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Now, I’m thinking maybe I shouldn’t have been in such a hurry. Row 1 comes in 5 sections, and wow, it takes concentration. If you haven’t worked an Aoibhe Ni pattern before, I strongly recommend taking each section slowly, and even write it out again if it’s not quite making sense to you. Again, if I was sensible, I would have been marking the sections as I went (as Sol did – you can probably tell which of us has actually been paying attention…). But I’m not, and I didn’t, and so although I had marked where in the pattern I am, when I picked it up again after a bit of a break, I had to work out exactly what I’d done.

Counted rows

This is where it really helps to be able to read your crochet. I think for this pattern there are two things you really need to be able to tell. One is how tall your stitches are. In the picture above, a stitch is a column of bars, and by counting them, you know which stitch you’ve just done. So in this picture, the marked stitch has 9 bars, making it a 9Ltr. When I was trying to work out where I was, counting the bars was the first thing I did.

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The other useful thing is to be able to tell how many stitches you just made into a chain. This varies through the pattern – sometimes it’s one, sometimes two, sometimes three – so by looking at this pattern, I can work out roughly where I am. In the picture above, you can see how the long stitches are ‘anchored’ in the chain. Each stitch has two ‘legs’, so you need to count pairs of them, not the individual strands. I took a few bazillion photo trying to illustrate this for you, so I hope you can make it out! It’s probably easier to see on your own work.

I think being able to read your work is one of the biggest things to learn. It’s certainly where I struggle in knitting, because while I understand how to make the stitches, I still don’t really know how to work out where I’ve made a mistake or even count stitches reliably. So I heartily recommend spending 5 minutes in close-examination, really getting to know your crochet and making sure you understand what you just did!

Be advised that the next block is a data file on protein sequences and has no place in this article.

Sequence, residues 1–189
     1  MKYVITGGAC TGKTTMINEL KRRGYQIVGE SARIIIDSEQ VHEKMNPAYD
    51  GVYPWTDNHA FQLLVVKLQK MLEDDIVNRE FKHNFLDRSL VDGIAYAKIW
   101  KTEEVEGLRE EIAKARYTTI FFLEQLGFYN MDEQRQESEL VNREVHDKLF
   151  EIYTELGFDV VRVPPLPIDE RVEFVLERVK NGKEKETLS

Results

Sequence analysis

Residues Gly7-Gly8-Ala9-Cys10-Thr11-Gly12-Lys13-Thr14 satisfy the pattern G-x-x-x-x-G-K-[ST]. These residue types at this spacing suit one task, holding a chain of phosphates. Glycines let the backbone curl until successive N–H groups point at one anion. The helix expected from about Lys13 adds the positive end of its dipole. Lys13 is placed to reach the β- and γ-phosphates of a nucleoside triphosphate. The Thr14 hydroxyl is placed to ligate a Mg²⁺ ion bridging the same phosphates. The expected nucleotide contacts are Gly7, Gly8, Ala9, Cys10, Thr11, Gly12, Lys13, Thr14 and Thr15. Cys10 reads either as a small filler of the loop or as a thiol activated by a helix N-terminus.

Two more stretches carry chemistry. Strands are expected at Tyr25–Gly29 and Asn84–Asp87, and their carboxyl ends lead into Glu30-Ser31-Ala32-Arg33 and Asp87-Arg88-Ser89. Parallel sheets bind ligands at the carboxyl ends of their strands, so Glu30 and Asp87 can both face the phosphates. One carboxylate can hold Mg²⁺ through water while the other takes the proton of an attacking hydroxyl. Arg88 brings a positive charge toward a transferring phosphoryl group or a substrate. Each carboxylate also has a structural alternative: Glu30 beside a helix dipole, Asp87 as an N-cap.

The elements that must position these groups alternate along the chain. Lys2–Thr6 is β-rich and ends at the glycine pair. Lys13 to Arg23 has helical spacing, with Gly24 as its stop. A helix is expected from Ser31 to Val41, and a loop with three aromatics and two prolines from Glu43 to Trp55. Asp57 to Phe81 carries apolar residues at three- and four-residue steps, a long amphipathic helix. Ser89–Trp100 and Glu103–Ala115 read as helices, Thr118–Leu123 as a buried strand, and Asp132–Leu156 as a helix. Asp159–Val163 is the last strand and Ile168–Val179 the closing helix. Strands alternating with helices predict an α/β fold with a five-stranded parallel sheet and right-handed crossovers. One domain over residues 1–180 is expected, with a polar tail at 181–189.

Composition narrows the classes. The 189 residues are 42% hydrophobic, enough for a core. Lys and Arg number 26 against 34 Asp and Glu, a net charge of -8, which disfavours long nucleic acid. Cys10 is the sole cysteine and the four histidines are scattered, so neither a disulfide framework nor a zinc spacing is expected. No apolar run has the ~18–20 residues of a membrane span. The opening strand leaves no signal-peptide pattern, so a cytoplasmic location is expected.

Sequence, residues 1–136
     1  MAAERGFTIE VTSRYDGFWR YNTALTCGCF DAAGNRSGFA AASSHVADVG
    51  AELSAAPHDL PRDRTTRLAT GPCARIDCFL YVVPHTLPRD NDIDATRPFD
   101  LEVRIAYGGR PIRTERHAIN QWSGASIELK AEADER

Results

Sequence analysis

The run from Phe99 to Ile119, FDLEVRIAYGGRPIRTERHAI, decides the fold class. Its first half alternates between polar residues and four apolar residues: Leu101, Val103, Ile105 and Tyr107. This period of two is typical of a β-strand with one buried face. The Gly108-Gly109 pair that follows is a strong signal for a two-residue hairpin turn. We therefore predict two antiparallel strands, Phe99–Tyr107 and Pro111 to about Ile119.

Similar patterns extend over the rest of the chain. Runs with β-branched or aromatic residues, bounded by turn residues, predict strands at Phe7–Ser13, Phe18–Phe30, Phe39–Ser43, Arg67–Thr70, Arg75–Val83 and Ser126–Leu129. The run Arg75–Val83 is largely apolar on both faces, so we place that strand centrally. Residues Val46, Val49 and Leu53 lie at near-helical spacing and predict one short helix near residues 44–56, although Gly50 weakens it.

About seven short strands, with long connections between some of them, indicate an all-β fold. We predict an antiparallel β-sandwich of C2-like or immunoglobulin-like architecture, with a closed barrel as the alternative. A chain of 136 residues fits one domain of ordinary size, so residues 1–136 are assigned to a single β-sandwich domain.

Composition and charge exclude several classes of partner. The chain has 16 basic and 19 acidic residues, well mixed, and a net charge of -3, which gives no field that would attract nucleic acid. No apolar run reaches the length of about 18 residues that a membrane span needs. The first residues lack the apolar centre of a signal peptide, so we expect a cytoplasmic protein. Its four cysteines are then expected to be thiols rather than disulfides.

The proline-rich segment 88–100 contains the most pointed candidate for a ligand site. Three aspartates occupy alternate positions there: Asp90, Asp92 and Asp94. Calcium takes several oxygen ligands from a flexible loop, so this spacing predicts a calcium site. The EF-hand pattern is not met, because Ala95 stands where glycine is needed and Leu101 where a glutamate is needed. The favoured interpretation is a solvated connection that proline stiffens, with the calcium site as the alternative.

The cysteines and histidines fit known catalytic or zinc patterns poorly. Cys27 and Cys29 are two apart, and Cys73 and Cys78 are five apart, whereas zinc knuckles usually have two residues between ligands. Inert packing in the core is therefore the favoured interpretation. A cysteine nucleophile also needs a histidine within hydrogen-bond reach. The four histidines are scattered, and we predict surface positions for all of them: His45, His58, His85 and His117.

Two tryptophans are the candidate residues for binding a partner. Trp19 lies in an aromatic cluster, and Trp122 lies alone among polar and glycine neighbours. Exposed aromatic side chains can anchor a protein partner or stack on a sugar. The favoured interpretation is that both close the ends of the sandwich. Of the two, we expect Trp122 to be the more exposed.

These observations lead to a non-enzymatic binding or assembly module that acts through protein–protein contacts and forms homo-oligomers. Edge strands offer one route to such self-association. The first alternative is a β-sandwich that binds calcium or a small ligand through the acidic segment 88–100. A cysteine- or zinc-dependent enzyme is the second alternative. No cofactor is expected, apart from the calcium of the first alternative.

This is almost the halfway point of Row 1, so hopefully I’ll be back next week with notes on tackling charts. Or possibly bemoaning just how long the row really is…

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Yarn Along: WILL IT NEVER END?

Right, I just need to start this blog with an announcement: Mum, I love you.

Also, this was supposed to be the matching post to Sol’s about how our Frejyas are coming along, but mine started misbehaving last night, and I need to do some counting before I can finish my post. So let’s go with my other misbehaving project instead!

That would be the cardigan I’ve been making for what seems like the last eleventy million years. Or rather, the three cardigan’s worth of stitching that I’ve done in that time, due to my utter and complete inability to count.

The cardigan is for my mother, and is the Swing Ridge Cardigan from an old Interweave Crochet. It’s a fab pattern, dead easy, and I actually like that it’s seamed, as it’s meant I’ve been able to carry around the pieces fairly easily to work on at Knitting group or on the bus.

And of course, therein lies most of the problem. You see, I tend to make patterns where I can use stitch markers instead of counting. Or where the exact count doesn’t matter because it’s not for me. But when you’re making a garment for someone else, you really do have to pay at least some attention to what you’re doing, or this sort of thing will happen:

One of these sides is not like the other…

Or instead of repeating rows 5 and 6, you’ll repeat row 5 twice and then wonder why your stitch count is off. Or you’ll completely lose track of just how many times you’ve repeated it and have to stop and count rows. Again.

I ended up writing out the part of the pattern I needed and photocopying it, since proper paper is easier to rub out pencil from!

What hasn’t been helping is the pattern’s habit of saying “repeat these rows X times”, which could mean that, or could mean “X MORE times”. I took it to mean that. At least I think I mostly did. The trouble was, each time I came to an instruction like that, I struggled to remember what I’d done last time I came across it! My inability to count or pay attention to what I’m doing is one thing, but I felt the pattern wasn’t helping me out there.

But I’ve been working keenly on it this week, as I’m seeing Mum on Saturday and want to attach at least one sleeve to check the length (before I make the other!). Everything is loosely tacked rather than sewn, as it needs blocking before actually seaming, so at the moment it’s a bit like a Frankencardi, but as we’re meeting early in the morning, hopefully there won’t be too many other people around, and most of them will be too focussed on their coffee to notice.

But just to re-iterate, most of the problems are my own fault, not the pattern’s. I really need to learn to pay at least some attention to what I’m doing! And Mum, I still love you ;)

This week’s crochet has been brought to you by all the knitting podcasts and more than my fair share of coffee.

To see if other people have more brain cells and less-caffeinated blood, head over to Ginny’s for the link up.